PPM: In 1986 you started working with Bill Watrous (MGBH), a jazz trombonist. What was that collaboration like? What are some of your memorable travel performance memories with him? SB: My greatest jazz mentor, after my father is Bill Watrous, who I spent twenty years with. Bill is one of the few greatest trombonists ever. His sound and technique inspired a generation of followers. As I played with him more and more, I realized that behind the dazzling display was a lyricism as great as any I’d heard. Bill taught me that the one note that will never be forgotten is infinitely more valuable than a stream of virtuosity. Bill and I played all over the world, most memorably at some big jazz festival Like Montreux and North Sea. Before every concert Bill would look at me and say “who gets the brass ring tonight?” which was his way of challenging me to bring my “A game” every time. At the end of each performance, we would usually agree which one of us earned the brass ring. I would not be who I am today without Bill.
PPM: Please, tell us about your first jazz album. SB: As I said earlier, I had a “casual” band when my children were young, and although I practiced a great deal, I was not seriously contemplating a jazz career. By my late 30’s I was overdue to record my own project. A great bassist, Lou Fischer (MGBH), and an equally great drummer, Randy Drake (MGBH) also toured with Bill Watrous, and we had developed a rapport. Through Lou, I began to play with another fabulous drummer, Steve Houghton (MGBH). It was decided that we would do a trio project with Lou on bass, and Houghton and Drake splitting the drum chair. A few years earlier, I was a finalist in the “Great American Jazz Piano Contest”, and that was during my “stage fright” days. I was very worried that I would suffer debilitating anxiety at that competition, on national television! So, I wrote a song for my three children and put their picture on the pin bloc of the piano where only I could see. As a result, I wasn’t nervous, and I had discovered one of the secrets to escaping performance anxiety. I named that song, “The Joy”, and it is the title of my first album.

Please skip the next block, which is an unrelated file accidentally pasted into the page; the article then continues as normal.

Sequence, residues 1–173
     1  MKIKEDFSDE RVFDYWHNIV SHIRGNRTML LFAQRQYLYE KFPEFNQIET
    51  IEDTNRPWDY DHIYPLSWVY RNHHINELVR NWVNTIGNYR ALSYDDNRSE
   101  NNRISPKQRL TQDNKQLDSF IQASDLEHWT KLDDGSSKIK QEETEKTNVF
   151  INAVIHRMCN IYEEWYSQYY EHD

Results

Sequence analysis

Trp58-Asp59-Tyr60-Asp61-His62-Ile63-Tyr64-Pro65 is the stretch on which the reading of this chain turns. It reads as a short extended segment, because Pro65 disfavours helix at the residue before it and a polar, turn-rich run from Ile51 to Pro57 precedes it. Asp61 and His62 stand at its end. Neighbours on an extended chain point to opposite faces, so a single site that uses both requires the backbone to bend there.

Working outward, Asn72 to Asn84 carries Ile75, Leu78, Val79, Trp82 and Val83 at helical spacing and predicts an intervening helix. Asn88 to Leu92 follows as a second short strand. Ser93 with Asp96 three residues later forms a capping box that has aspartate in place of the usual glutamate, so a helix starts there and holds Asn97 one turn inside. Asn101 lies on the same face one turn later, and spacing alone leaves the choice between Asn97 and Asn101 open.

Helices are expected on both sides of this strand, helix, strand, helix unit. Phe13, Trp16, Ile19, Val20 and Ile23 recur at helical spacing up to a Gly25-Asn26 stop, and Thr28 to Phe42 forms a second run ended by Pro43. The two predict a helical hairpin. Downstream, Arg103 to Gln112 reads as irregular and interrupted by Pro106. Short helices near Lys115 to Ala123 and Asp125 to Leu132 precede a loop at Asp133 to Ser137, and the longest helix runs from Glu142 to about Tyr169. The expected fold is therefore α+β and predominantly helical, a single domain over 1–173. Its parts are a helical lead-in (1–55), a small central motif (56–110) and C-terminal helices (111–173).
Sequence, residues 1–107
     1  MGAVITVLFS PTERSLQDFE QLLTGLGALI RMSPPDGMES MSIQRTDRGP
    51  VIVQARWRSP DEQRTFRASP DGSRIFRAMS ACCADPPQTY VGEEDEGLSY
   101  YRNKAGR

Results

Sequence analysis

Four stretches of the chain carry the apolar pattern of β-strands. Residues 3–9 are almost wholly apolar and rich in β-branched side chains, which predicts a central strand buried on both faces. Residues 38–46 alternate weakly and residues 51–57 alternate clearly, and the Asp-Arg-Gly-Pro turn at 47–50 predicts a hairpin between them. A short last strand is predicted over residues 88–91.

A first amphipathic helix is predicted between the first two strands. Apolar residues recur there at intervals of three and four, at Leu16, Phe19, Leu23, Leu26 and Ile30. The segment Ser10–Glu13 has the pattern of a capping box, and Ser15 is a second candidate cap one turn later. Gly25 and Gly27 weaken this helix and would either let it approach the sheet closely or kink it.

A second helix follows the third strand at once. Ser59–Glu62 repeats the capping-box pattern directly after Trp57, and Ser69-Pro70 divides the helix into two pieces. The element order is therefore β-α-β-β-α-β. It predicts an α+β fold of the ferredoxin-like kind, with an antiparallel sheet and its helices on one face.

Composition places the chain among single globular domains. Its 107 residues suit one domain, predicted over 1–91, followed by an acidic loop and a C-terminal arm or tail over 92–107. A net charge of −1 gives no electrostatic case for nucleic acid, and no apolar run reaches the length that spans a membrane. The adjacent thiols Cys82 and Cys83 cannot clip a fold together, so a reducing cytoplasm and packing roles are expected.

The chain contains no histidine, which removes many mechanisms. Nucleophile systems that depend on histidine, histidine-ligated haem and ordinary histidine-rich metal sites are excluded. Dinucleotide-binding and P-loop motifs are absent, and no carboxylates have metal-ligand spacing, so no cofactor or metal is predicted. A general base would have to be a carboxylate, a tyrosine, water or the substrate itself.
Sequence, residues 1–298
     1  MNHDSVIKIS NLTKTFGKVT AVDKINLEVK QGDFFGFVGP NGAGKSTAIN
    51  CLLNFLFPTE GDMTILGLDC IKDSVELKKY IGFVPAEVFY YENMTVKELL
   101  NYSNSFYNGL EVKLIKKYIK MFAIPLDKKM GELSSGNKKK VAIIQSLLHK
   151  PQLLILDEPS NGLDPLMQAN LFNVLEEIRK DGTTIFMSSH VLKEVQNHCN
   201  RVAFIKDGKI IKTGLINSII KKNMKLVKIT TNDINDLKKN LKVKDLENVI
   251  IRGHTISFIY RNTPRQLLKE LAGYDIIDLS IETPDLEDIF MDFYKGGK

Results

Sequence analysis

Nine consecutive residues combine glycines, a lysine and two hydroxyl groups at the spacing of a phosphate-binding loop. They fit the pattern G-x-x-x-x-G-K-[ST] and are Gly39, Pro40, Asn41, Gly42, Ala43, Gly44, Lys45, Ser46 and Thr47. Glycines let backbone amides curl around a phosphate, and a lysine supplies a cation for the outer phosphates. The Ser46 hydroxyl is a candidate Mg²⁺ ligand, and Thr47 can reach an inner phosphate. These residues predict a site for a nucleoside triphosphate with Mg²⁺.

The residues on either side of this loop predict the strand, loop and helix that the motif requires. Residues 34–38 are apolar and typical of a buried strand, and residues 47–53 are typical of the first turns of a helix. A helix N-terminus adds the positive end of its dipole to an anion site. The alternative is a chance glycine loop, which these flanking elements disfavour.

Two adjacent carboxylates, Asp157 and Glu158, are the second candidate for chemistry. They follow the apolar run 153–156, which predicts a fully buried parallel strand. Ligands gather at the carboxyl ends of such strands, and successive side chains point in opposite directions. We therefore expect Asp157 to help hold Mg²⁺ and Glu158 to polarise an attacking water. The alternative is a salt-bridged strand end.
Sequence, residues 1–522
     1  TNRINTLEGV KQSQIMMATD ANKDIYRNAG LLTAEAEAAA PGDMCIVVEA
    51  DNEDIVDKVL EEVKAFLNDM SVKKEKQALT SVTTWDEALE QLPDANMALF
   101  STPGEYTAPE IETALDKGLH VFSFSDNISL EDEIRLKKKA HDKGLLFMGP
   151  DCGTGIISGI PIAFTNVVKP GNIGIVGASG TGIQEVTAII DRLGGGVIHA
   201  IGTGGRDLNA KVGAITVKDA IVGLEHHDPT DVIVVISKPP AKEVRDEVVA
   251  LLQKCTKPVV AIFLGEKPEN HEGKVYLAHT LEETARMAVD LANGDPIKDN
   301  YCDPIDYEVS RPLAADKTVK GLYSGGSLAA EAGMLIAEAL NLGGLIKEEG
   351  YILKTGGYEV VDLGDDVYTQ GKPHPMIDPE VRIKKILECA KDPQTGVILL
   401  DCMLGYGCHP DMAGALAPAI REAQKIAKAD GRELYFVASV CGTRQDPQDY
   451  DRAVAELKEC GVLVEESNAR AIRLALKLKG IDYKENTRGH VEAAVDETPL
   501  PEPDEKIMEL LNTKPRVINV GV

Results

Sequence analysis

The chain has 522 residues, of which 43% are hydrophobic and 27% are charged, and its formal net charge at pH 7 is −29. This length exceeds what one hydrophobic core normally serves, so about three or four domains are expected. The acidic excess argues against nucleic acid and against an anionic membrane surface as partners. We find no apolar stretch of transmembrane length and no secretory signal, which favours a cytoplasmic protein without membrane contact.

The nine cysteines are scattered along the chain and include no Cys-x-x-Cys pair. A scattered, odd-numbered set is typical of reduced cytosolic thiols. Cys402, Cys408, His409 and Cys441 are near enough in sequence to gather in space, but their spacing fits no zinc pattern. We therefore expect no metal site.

PPM: When did you start writing for TV and film? SB: When I met Dick Marx (MGBH) in Los Angeles, we worked together to pursue TV and film writing. We had so much fun, and Dick became another of my valued mentors. One of our shows, “Fudge” (ABC), became the #1 program on Saturday mornings, and we worked on several other TV projects and major studio films. Dick had great success in the jingle business, and was very wise. Whenever I would agonize over a musical decision, he would say, “Will your new idea sell another Pop Tart? If not, you probably already have what you need.” I tried so hard not to make in error in score writing. When I felt my score was perfect I would bring it to Dick. Hearing it in his head, he would make comments like, “Oh, this is great, very interesting, etc.” We never got through a score without him saying something like, “Isn’t this note supposed to be F natural.” He was uncanny.